(2) For the reason mentioned in (1) above, the mechanism for transmitting the motion and the rectilinear guide portions can be lubricated, so that the motion is smoothly transmitted.
(3) For the reason mentioned in (1) above, the lubricating agent or dust of abrasion in the motion transmitting portions are prevented from flying into the specimen chamber, so that the surfaces of the wafers and interior of the vacuum chamber are not contaminated.
(4) For the reason mentioned in (3) above, a high degree of vacuum can be easily obtained in the specimen chamber.
(5) For the reasons mentioned in (1) to (3) above, high precision can be maintained, and maintenance can be easily performed on the system.
According to the specimen chamber employed for the ion implanter of the present invention as mentioned in detail in the foregoing, the whole mechanism for transmitting the motion of disc mounting specimens, such as wafers, is surrounded by space which is expandably communicated with the open air, the moving portions can be lubricated, the surfaces of the specimens and interior of the vacuum chamber are prevented from being contaminated by the lubricating agent or dust of abrasion, and a high degree of vacuum is easily obtained. Furthermore, the present invention is not restricted only to the ion implanter of the embodiment mentioned above, but rather, the specimen chamber of the present invention can be suitably adapted to an apparatus which carries out machining, analysis, observation and the like under vacuum or particular atmospheric conditions, such as ion-beam milling, electron-beam milling, and the like.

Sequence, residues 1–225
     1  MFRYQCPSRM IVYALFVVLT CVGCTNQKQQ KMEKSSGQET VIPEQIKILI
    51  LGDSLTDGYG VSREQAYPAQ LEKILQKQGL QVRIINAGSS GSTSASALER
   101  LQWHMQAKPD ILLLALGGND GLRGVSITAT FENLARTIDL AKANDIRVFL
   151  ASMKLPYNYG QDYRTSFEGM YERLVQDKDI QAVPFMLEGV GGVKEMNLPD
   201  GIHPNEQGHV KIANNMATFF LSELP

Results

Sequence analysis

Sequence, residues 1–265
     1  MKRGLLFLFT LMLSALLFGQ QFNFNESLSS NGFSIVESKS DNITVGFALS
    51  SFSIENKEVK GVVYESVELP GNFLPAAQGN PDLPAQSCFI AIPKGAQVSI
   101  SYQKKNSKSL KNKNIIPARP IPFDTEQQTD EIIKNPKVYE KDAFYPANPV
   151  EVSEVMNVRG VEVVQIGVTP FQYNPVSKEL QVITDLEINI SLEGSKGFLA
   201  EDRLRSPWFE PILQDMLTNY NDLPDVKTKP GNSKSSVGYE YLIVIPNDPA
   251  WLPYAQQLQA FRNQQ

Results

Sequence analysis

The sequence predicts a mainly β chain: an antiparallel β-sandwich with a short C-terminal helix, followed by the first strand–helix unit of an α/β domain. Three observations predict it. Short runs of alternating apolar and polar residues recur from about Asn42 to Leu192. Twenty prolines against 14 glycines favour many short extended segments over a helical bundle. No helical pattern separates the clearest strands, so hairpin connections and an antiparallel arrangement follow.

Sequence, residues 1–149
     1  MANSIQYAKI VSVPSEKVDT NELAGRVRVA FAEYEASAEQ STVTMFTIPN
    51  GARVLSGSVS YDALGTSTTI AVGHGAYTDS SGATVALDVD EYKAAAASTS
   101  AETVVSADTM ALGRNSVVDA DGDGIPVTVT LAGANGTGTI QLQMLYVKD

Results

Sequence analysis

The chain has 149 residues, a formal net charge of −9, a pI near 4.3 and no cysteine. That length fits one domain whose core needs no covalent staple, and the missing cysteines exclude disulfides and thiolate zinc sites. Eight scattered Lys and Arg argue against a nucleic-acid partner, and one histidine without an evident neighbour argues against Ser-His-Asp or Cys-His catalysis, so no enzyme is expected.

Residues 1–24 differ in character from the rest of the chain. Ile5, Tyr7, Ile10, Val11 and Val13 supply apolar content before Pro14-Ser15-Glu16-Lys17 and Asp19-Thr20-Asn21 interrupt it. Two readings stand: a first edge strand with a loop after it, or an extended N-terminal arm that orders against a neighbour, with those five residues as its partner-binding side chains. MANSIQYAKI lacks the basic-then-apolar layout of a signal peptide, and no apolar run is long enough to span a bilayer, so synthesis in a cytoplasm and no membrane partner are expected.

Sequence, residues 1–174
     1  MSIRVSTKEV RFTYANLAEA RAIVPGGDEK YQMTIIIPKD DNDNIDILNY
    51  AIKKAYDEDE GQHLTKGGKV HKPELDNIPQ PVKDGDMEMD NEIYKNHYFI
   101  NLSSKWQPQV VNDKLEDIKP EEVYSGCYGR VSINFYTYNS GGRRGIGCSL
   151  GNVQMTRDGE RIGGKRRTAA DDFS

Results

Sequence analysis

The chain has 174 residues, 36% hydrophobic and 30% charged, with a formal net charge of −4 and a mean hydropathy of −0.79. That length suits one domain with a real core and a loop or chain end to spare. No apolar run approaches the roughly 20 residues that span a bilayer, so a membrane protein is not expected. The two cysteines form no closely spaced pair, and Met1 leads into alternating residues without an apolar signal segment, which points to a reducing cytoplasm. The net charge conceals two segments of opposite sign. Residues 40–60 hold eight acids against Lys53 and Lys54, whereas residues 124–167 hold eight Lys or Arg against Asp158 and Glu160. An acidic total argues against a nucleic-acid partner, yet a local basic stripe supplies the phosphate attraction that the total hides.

While I have shown and described one embodiment in accordance with the present invention, it is to be understood that the same is not limited thereto but is susceptible of numerous changes and modifications as obvious to those of ordinary skill in the art, and I therefore do not wish to be limited to the details shown and described herein but intend to cover all such changes and modifications as are obvious to one of skill in the art.
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|U.S. Classification||250/442.11, 250/492.3|
|International Classification||C23C14/48, B23K15/00, H01L21/265, H01J37/317, H01L21/673|
|Cooperative Classification||H01J37/3171, H01L21/68771, H01L21/68764|
|European Classification||H01J37/317A, H01L21/687S14, H01L21/687S16|